VOL. 127 | NO. 42 | Thursday, March 1, 2012
Memphis Law Talk
Early Finance, Biz Interests Fuel Lamberson’s Career
By Andy Meek
Christopher Lamberson, a new addition to the management committee at Glankler Brown PLLC, got interested in pursuing law as a career in a roundabout way.
(Photo: Lance Murphey)
It started with a family-fueled knack for business and finance that included some practical, hands-on experience, followed later by enrollment in law school as a way to continue that interest.
Lamberson is a transactional attorney. A lot of his work involves business deals, such as acquisitions and dispositions of businesses, and commercial real estate deals.
He’s been with Glankler since the fall of 1999, but he clerked a little with the firm before that.
“So, really, I’ve been kicking around the halls for about 15 years now,” Lamberson said.
Lamberson represents various private companies and their owners in transactions that include mergers, acquisitions, dispositions and structured finance, and also provides general commercial representation.
In addition, he represents commercial property owners in connection with the acquisition, development, rehabilitation, leasing, financing and disposition of multifamily, retail, industrial and office projects. And he works with both borrowers and lenders in all areas of secured lending, including bond-financed transactions.
Lamberson received his bachelor’s degree from Washington & Lee University in 1995 and his Master of Business Administration and law degrees from the University of Memphis in 1999.
Lamberson lives in Germantown with his wife, Kelly, and daughter, Lucie, 7.
“When I was in high school, my father got me interested in business and finance,” Lamberson said. “I remember he bought me a dozen cassette tapes to learn how to use a Hewlett-Packard financial calculator.
“In college, I spent a couple of summers buying mobile homes, rehabbing them and reselling them through purchase money loans. And I guess that kind of taught me a lot about finance and taught me even more about people.”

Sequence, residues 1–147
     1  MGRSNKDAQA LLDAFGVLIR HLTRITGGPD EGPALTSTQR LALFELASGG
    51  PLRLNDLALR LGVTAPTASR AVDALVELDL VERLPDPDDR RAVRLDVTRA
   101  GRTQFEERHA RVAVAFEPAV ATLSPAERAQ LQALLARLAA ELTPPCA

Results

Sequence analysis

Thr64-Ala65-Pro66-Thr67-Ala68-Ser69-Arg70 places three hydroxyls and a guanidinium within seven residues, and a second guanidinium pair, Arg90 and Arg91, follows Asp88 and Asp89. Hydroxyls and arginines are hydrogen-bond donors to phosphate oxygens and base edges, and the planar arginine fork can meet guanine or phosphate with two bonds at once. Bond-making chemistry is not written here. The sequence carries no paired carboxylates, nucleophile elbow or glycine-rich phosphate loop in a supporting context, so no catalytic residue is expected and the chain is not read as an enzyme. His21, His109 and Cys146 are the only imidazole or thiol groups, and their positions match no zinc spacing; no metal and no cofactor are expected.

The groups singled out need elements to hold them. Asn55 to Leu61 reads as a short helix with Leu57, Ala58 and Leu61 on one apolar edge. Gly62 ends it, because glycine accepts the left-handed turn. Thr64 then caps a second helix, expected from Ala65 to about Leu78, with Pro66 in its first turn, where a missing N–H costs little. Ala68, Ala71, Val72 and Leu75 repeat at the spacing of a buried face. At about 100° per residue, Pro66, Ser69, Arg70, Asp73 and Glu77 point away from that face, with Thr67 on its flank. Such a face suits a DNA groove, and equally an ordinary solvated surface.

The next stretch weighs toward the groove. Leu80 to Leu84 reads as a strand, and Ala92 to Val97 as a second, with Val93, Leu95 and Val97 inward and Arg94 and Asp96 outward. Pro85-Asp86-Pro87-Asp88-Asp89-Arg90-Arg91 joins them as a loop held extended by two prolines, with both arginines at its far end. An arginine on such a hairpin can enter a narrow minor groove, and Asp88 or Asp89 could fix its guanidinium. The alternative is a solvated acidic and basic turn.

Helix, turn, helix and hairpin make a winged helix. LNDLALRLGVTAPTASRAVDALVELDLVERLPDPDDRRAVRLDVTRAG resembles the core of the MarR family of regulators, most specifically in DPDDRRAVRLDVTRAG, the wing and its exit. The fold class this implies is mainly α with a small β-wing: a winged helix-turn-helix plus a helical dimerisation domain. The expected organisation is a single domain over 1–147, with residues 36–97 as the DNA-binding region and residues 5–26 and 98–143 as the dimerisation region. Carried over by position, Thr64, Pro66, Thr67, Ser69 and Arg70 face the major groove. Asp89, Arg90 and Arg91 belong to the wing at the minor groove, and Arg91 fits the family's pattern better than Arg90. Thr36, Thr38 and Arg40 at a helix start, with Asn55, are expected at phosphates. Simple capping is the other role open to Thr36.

Lamberson said he became interested in working at Glankler, one of the biggest firms in town, because of its reputation.
“I knew about them from an early age,” he said. “In fact, I was and still am friends with one of Frank Glankler’s sons and kind of grew up with him. Frankly, I’d always wanted to come over here.”
Glankler announced the 2012 members of the firm’s management committee last month. The committee addresses firm matters and advises other members and staff on administrative issues.
Lamberson said he focuses on mid-sized companies and has dealt with a lot of sellers and first-generation business owners who have run and grown their companies and are now looking for an exit.
He said those are rewarding deals because they involve helping people reach their goals at a key moment toward the end of their business career. That’s also part of what he enjoys most about his job – that his particular brand of law does not have the adversarial aspects of courtroom work.
As far as advice for aspiring attorneys, Lamberson stresses the importance of hours logged in the cockpit, so to speak.
“If you’re going to be a transactional attorney, you have to realize that law school is essential, but there’s no substitute for experience,” he said. “There’s a relatively steep learning curve, and it’s very difficult to teach something like that in a classroom setting. So it’s a little bit of a trial by fire when you get out of law school and you get to my side of things.”